(frôNd), 1648–53, series of outbreaks during the minority of King Louis XIV, caused by the efforts of the Parlement of Paris (the chief judiciary body) to limit the growing authority of the crown; by the personal ambitions of discontented nobles; and by the grievances of the people against the financial burdens suffered under cardinals Richelieu and Mazarin.
This period (1648–49) began when the parlement rejected a new plan for raising money, proposed by Anne of Austria, mother of and regent for Louis XIV, and her adviser, Cardinal Mazarin. The scheme would have required that the magistrates of the high courts (except the parlement) give up four years' salary. The high courts, including the parlement, opposed the proposal and drafted a reform document limiting the royal prerogative. The government, in retaliation, arrested several members of the parlement, notably Pierre Broussel, but the Parisian populace rose in protest and barricaded the streets (Aug., 1648). Anne and Mazarin were forced to yield and Broussel was released.
Meanwhile, the Peace of Westphalia (Oct., 1648), which ended the Thirty Years War, freed the royal army to take action against the Fronde. Anne, the king, and Mazarin secretly left Paris (Jan., 1649), and the city was blockaded by royal troops under Louis II, prince de Condé (see Condé, Louis II de Bourbon, prince de). Louis's brother, Armand de Conti (see under Conti, family) and his sister Mme de Longueville were among the leaders of the Fronde. Other leaders were Frédéric Maurice de Bouillon and Paul de Gondi (later Cardinal de Retz). A compromise peace was arranged between the parlement and the regent at Rueil in Mar., 1649.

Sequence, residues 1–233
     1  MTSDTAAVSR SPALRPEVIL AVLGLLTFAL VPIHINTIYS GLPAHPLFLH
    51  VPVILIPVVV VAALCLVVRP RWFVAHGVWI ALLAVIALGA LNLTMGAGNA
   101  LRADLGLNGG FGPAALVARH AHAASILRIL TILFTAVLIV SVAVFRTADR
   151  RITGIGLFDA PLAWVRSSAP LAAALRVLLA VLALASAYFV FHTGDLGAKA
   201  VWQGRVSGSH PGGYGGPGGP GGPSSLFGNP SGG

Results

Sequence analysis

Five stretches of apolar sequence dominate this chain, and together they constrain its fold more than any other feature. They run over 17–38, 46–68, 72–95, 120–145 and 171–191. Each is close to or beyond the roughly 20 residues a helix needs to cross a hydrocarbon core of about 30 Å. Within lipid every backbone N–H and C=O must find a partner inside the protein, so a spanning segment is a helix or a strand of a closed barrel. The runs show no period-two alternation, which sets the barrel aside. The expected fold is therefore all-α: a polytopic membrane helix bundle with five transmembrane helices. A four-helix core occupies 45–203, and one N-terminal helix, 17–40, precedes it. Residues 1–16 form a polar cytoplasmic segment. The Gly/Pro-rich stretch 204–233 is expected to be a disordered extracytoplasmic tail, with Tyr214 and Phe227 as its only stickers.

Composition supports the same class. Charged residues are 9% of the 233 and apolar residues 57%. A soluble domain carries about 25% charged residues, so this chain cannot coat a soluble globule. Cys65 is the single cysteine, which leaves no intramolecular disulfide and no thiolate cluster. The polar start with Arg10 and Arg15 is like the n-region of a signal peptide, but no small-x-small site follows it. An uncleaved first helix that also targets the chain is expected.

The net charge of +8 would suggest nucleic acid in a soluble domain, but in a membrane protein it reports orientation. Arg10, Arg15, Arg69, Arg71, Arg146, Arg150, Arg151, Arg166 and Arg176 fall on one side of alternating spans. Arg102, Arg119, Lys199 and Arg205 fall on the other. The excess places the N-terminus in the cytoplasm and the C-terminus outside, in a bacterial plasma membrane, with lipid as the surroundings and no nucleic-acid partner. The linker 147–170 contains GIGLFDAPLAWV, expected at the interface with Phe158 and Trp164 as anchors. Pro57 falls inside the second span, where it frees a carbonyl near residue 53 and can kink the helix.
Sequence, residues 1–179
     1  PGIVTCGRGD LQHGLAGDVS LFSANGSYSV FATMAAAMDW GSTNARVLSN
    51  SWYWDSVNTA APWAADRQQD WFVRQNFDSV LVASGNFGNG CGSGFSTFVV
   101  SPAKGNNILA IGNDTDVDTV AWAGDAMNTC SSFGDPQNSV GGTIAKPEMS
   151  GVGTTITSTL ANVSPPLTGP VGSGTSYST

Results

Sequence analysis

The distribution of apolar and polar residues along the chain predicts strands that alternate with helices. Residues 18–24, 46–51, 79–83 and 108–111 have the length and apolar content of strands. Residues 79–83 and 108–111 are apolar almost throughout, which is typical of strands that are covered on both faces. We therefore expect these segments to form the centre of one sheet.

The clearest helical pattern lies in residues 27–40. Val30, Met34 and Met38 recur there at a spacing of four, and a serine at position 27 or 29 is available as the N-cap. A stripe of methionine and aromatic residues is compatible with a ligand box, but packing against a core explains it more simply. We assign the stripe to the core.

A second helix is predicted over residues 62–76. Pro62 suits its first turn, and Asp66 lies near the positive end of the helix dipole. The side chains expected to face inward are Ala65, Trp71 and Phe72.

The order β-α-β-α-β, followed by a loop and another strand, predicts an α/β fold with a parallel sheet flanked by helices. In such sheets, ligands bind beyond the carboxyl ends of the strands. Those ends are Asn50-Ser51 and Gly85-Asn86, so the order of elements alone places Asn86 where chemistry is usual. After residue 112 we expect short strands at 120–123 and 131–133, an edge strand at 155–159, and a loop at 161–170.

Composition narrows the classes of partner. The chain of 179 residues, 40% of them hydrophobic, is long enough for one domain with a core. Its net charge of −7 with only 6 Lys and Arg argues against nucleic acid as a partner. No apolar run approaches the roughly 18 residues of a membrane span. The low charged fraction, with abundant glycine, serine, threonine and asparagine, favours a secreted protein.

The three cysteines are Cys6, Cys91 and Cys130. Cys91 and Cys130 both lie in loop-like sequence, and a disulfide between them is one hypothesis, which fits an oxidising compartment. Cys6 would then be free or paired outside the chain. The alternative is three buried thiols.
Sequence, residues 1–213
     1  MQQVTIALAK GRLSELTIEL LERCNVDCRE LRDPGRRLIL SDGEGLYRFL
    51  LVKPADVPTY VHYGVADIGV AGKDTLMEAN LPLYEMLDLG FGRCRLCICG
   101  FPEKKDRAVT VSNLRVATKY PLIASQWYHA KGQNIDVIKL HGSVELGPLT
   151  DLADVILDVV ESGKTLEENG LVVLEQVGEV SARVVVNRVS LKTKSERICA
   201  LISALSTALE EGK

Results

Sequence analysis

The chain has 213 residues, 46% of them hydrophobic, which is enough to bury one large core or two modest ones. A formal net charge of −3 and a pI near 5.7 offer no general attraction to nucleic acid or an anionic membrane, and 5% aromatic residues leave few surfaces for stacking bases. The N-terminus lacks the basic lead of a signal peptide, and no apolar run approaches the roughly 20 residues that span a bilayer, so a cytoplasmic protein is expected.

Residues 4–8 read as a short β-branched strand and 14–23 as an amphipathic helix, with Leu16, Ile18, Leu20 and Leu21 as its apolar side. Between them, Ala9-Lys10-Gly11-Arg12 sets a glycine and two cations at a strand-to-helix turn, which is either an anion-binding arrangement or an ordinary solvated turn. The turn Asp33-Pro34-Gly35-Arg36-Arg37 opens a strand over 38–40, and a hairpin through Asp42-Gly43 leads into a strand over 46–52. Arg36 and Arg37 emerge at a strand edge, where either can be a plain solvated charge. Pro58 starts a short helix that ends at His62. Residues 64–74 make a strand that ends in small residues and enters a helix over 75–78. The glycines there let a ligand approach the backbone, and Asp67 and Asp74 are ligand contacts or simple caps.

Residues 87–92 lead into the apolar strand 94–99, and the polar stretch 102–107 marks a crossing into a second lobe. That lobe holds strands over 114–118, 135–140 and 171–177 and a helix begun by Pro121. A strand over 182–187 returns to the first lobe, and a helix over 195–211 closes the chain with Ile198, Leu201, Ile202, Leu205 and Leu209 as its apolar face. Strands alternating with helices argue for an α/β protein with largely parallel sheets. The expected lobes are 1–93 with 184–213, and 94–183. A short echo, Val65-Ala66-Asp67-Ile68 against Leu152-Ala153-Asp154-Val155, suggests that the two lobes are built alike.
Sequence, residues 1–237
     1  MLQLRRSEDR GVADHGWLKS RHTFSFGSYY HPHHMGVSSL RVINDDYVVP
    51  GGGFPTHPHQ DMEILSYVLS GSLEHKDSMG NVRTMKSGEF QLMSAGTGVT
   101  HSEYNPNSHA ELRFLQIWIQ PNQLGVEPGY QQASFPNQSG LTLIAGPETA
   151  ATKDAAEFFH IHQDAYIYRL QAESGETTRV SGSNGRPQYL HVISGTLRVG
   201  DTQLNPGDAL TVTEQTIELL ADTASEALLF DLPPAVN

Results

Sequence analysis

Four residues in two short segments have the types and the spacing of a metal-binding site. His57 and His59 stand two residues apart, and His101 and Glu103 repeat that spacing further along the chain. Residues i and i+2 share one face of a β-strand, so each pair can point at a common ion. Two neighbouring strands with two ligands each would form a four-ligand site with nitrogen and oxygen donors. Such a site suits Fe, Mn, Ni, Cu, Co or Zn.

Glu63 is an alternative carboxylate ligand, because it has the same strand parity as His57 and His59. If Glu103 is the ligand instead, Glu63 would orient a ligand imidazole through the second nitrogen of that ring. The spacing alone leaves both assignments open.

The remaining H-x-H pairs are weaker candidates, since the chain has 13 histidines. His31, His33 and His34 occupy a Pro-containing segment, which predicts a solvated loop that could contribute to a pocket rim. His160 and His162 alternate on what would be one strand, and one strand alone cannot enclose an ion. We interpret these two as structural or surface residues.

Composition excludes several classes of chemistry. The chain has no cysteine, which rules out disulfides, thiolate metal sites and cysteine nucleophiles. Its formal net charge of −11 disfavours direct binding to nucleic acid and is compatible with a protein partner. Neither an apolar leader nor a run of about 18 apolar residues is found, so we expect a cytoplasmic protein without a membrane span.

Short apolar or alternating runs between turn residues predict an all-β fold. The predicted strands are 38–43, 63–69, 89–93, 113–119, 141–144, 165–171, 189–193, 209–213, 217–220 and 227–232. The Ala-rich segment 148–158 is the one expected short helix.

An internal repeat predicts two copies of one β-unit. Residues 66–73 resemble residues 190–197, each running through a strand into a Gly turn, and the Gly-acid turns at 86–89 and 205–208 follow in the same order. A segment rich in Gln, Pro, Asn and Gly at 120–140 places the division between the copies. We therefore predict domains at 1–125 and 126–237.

The prince de Condé, having aided Cardinal Mazarin and Louis XIV's regent Anne, expected to control them. His overbearing attitude and intrigues caused his arrest in Jan., 1650, and precipitated a second outbreak, the Fronde of the Princes, or the New Fronde. Mme de Longueville called on Marshal Turenne for aid in releasing her brother. Government troops defeated Turenne and his Spanish allies at Rethel (1650), but Mazarin was forced to yield when Retz, Mme de Chevreuse, Gaston d'Orléans, and François de Beaufort all united in demanding Condé's release.
Mazarin fled to Germany in Feb., 1651, but the victorious nobles soon quarreled among themselves, and Condé left Paris to take up open warfare against the government. Although joined by Gaston d'Orléans, Beaufort, Conti, and the provincial parlements of S France, Condé lost the principal support of Turenne, who went over to the government's side after Louis XIV reached his majority. In Dec., 1651, Mazarin was recalled. Condé concluded an alliance with Spain, but was defeated by Turenne at the Faubourg Saint-Antoine beneath the walls of Paris; he was saved by Mlle de Montpensier, who admitted him and his army into Paris. His arrogant conduct there alienated the people.
As the Fronde disintegrated, Mazarin once more left France to clear the air for a reconciliation. In October the king returned to Paris; Mazarin followed in Feb., 1653. The princes soon made peace with the government, except for Condé, who commanded the Spanish forces against France until the Peace of the Pyrenees (1659; see Pyrenees, Peace of the). The Fronde was the last attempt of the nobility to resist the king by arms. It resulted in the humiliation of the nobles, the strengthening of royal authority, and the further disruption of the French economy.